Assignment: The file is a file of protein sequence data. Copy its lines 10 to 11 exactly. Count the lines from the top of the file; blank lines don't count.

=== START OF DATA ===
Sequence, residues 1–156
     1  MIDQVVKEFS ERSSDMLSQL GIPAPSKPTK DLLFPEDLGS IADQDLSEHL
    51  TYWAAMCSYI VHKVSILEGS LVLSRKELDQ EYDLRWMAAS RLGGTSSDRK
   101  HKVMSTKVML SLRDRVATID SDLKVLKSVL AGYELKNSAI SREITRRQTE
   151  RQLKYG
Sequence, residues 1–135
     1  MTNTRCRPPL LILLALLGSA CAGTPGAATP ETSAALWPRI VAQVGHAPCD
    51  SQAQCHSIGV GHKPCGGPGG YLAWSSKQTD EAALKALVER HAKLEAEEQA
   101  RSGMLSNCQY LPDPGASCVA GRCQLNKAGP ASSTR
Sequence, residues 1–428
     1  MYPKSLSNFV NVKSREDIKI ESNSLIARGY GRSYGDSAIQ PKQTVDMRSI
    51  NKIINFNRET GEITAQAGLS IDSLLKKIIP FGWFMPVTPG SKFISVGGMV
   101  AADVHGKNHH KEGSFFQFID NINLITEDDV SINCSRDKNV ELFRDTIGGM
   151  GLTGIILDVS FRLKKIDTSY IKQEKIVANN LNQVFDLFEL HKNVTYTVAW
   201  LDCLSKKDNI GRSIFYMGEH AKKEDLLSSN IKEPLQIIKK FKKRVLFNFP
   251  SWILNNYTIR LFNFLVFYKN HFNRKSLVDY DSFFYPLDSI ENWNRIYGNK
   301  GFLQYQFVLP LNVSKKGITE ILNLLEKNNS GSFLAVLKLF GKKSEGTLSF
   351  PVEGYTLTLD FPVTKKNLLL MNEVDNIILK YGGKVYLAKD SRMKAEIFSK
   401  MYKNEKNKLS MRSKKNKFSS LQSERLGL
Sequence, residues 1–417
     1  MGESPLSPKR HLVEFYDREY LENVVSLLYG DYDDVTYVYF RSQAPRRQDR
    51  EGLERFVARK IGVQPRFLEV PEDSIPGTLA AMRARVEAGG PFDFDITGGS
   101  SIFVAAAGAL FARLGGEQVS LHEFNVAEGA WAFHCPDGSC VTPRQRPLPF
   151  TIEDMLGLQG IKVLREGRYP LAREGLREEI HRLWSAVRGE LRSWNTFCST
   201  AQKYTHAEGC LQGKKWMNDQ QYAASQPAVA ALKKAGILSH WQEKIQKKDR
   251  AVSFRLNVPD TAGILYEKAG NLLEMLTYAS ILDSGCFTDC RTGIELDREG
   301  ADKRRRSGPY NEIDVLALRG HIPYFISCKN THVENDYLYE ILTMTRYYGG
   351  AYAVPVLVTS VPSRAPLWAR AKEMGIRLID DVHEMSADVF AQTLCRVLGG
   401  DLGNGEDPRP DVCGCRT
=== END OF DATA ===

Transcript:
Sequence, residues 1–428
     1  MYPKSLSNFV NVKSREDIKI ESNSLIARGY GRSYGDSAIQ PKQTVDMRSI